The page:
Argyria is generally irreversible, with the only practical method of minimizing its cosmetic disfigurement being to avoid the sun. Preliminary reports of treatment with laser therapy have been reported. These laser treatments are painful and general anesthesia is required. A similar laser treatment has been used to clear silver particles from the eye, a condition related to argyria called argyrosis. The Agency for Toxic Substances and Disease Registry (ATSDR) describes argyria as a “cosmetic problem”.
While argyria is usually limited to skin discoloration, there are isolated reports of more serious neurologic, renal, or hepatic complications caused by ingesting colloidal silver.
Colloidal silver may interact with some prescription medications, reducing the absorption of some antibiotics and thyroxine among others.
Cochrane Database Syst Rev. 2010 Mar 17;(3):CD006478. doi: 10.1002/14651858.CD006478.pub2. Topical silver for preventing wound infection. Storm-Versloot MN1, Vos CG, Ubbink DT, Vermeulen H.
BACKGROUND: Silver-containing treatments are popular and used in wound treatments to combat a broad spectrum of pathogens, but evidence of their effectiveness in preventing wound infection or promoting healing is lacking. OBJECTIVES: To establish the effects of silver-containing wound dressings and topical agents in preventing wound infection and healing of wounds. CONCLUSIONS: There is insufficient evidence to establish whether silver-containing dressings or topical agents promote wound healing or prevent wound infection; some poor quality evidence for SSD suggests the opposite.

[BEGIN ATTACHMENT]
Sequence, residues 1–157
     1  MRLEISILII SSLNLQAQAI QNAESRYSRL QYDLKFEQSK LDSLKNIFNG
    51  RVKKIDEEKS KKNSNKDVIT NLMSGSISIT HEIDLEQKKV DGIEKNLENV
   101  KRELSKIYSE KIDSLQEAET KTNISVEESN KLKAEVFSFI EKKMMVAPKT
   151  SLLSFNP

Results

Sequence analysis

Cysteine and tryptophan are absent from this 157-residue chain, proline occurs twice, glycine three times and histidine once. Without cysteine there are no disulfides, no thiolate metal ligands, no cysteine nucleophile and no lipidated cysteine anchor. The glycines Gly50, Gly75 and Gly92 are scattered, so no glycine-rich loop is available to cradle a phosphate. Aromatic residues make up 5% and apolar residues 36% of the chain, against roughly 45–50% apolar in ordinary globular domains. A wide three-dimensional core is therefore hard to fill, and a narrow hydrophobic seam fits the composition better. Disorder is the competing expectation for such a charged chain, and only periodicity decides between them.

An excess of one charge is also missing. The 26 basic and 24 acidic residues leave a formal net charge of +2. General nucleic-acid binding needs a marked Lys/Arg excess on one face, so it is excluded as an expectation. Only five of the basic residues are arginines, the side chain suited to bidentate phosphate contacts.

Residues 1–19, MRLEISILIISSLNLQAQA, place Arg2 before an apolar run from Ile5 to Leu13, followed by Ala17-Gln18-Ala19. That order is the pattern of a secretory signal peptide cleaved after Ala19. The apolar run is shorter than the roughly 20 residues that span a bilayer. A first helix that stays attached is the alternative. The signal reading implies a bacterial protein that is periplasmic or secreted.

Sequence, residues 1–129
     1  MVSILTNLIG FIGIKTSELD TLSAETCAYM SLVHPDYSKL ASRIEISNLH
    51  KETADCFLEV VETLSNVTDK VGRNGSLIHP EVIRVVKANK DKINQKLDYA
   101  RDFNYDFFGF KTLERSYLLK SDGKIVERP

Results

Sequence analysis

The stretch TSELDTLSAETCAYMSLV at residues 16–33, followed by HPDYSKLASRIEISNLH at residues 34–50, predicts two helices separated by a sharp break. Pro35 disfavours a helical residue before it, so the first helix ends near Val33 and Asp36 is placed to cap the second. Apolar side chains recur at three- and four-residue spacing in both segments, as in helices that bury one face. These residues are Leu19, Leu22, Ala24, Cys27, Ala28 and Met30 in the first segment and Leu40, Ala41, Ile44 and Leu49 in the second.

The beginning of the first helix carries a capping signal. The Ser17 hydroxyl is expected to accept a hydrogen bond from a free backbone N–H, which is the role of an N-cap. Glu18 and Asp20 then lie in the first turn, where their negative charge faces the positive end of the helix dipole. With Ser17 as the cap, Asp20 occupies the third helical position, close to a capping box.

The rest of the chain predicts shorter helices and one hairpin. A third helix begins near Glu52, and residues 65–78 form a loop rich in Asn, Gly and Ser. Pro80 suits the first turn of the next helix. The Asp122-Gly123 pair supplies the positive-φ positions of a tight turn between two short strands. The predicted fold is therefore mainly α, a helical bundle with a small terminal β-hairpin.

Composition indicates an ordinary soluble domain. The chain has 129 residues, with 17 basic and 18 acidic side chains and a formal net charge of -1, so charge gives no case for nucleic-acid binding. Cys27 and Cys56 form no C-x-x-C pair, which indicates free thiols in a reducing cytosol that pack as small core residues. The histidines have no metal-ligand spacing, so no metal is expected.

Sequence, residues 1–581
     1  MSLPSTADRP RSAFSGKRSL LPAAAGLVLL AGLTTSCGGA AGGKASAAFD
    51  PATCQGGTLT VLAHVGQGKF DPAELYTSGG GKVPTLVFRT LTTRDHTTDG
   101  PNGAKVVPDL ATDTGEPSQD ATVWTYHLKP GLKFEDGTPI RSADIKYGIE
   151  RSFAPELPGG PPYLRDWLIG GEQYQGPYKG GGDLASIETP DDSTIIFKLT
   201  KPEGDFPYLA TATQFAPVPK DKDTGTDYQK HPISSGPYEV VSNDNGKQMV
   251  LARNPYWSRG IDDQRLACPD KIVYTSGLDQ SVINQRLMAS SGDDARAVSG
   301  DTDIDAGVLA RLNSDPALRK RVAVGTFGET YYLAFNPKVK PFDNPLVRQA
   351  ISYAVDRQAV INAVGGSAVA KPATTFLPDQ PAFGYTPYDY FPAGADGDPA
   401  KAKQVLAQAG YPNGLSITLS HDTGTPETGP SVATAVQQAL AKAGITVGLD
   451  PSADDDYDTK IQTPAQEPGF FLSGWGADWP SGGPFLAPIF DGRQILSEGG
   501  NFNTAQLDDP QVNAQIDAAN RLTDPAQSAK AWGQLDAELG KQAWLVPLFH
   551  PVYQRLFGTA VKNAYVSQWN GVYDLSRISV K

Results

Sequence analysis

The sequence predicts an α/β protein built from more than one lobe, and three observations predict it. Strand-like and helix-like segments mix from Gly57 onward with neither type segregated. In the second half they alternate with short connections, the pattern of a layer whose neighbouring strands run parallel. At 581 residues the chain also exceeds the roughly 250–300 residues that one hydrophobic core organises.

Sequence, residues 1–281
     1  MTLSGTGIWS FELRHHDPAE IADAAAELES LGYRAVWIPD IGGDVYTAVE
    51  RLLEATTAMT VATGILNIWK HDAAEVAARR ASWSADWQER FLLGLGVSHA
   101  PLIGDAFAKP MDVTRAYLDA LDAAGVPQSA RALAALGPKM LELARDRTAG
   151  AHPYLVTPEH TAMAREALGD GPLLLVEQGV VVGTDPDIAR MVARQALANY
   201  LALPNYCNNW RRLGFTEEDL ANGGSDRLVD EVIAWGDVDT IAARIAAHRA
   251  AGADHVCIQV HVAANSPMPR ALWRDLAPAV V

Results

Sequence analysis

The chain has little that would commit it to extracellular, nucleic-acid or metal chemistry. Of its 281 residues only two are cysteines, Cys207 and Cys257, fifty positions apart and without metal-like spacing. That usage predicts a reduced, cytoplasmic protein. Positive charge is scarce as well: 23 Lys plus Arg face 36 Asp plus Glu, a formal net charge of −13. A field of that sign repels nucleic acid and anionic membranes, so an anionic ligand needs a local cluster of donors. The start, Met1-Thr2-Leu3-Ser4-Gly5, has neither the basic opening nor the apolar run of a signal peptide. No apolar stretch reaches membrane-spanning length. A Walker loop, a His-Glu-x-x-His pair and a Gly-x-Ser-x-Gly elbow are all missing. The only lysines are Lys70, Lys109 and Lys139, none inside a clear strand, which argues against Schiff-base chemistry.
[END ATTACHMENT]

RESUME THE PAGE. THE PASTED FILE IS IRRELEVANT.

The use of colloidal silver for medicinal purposes has been banned in the USA. Should you constantly administer an antibiotic agent to your animal it will not respond to proper antibiotics when desperately needed.
Dettol is the trade name for a line of hygiene products manufactured by Reckitt Benckiser. It has been in use since before the 1950s.
The original Dettol liquid antiseptic and disinfectant is light yellow in colour in the concentrated form but, as several of the ingredients are insoluble in water, it produces a milky emulsion of oil droplets when diluted with water, exhibiting the ouzo effect.